Archive for ◊ May, 2013 ◊

• Thursday, May 30th, 2013


2. Taking the readings

Whether a moisture meter or your blood pressure, if you don’t take the readings properly, they won’t mean much. So let’s take a look.

Pin meters:

The pins must be inserted and held in without backing off, which will create a small air gap, or cause the spring-loaded activation button to release. This can take considerable force, especially if using longer pins. Though longer pins are available, even big hammer-in probes for some meters, I almost always use the default pins on my miniLigno that penetrate about 1/8″.

The pins at the left in the photo penetrate about 1/4″, and even those are difficult to push into dense woods, and I find they tend to break.


One of the advantages of a pin meter is its ability to check precisely for a moisture gradient through the thickness of a board that has not reached uniform equilibrium moisture content. In the photo at the top, my pinless meter, which has a measuring depth of 1/2″, could evaluate just about the full thickness of the 1 1/8″ Claro walnut board. Remember however, those would be readings of the average moisture content in the measured volume of wood. By crosscutting the wood, then promptly comparing pin readings taken in the end grain near the surface and near the center of the board, a moisture gradient can be detected. The same can be done, sometimes with dramatic results, in a stick like the 16/4 Doug fir in the photo.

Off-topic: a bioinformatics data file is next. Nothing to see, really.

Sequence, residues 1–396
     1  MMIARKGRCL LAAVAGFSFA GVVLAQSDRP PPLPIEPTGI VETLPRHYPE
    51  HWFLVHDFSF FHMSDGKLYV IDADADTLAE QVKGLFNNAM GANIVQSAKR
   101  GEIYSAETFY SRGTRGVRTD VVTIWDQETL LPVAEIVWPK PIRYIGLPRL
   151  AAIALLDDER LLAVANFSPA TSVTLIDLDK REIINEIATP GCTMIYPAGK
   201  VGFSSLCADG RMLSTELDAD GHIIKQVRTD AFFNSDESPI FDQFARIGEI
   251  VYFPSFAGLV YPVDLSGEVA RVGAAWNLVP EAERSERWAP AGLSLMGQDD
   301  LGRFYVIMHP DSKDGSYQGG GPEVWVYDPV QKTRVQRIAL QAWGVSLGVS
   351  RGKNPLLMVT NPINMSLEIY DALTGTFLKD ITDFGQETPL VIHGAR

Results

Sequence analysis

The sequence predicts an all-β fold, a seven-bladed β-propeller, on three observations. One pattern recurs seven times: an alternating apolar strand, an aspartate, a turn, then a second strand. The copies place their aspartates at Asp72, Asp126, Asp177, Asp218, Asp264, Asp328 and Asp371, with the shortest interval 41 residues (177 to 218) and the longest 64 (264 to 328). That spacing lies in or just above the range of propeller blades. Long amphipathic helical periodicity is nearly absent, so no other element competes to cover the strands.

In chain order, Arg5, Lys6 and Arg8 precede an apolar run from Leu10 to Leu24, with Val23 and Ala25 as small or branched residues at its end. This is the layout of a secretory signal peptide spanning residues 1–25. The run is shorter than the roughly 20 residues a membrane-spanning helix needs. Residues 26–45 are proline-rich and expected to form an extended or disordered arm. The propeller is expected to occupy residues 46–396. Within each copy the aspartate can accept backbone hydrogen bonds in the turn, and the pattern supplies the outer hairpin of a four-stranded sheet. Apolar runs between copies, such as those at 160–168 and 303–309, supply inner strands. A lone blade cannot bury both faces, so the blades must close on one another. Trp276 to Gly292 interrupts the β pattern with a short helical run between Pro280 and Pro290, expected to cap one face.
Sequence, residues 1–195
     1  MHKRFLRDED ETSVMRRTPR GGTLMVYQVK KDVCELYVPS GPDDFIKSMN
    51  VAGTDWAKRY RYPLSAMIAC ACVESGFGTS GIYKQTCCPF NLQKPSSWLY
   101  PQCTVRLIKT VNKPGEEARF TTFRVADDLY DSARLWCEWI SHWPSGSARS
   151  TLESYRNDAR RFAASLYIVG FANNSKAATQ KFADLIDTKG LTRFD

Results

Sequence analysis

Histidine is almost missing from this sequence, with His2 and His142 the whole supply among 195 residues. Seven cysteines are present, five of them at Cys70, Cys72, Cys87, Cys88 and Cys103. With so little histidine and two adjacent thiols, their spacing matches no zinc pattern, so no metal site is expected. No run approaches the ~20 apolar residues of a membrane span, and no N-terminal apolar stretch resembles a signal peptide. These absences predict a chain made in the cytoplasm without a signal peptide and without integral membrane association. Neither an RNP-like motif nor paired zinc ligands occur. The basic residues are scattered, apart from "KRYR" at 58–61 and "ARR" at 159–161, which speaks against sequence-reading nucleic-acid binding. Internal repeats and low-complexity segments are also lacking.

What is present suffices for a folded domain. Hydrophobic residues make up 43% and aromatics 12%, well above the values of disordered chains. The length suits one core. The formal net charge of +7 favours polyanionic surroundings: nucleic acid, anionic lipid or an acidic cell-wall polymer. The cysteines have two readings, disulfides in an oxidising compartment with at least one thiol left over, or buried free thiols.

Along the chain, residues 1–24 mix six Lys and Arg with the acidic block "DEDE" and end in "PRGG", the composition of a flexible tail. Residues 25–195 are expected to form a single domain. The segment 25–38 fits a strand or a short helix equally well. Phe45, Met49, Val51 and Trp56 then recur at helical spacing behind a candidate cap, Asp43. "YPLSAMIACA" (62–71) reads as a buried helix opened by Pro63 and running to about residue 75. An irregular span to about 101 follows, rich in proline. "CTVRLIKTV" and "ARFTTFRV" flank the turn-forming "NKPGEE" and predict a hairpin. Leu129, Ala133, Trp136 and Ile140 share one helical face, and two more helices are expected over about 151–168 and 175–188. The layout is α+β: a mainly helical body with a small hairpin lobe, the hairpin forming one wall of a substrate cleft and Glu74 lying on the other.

I have found little or no difference in pin readings taken along versus across the grain. Furthermore, there is usually little or no difference in the readings for most species whether the meter is set on “wood group” 2 or 3 on the miniLigno meter.

Pinless meters:

Readings are best taken on a smooth, flat wood surface with the length of the sensor aligned along the grain. In the photos of the cherry board, below, my Wagner L609 meter is reading 9% with the sensor along the grain of smooth wood, but 7% on the immediately adjacent rough surface. It read 11% with the sensor placed across the grain of the smooth, flat wood. These relationships are typical. Note also that if the wood surface is not flat in any case, the readings are likely to be relatively underestimated.



At the lumberyard, you probably won’t have the luxury of reading off a smooth surface, but at least you can make comparisons between similarly rough boards.

Pinless meter readings must be corrected for the density of the species. Some meters allow this to be programmed in before taking a set of readings, but with my meter I must hassle with having to add or subtract an amount based on tables in a little booklet that comes with the meter.

By the way, do not measure thin wood in the manner as shown below, unless you want to average it with the moisture content of your workbench!


Next: In part 3 of the series, we’ll look at important factors that affect the readings, especially for pinless meters.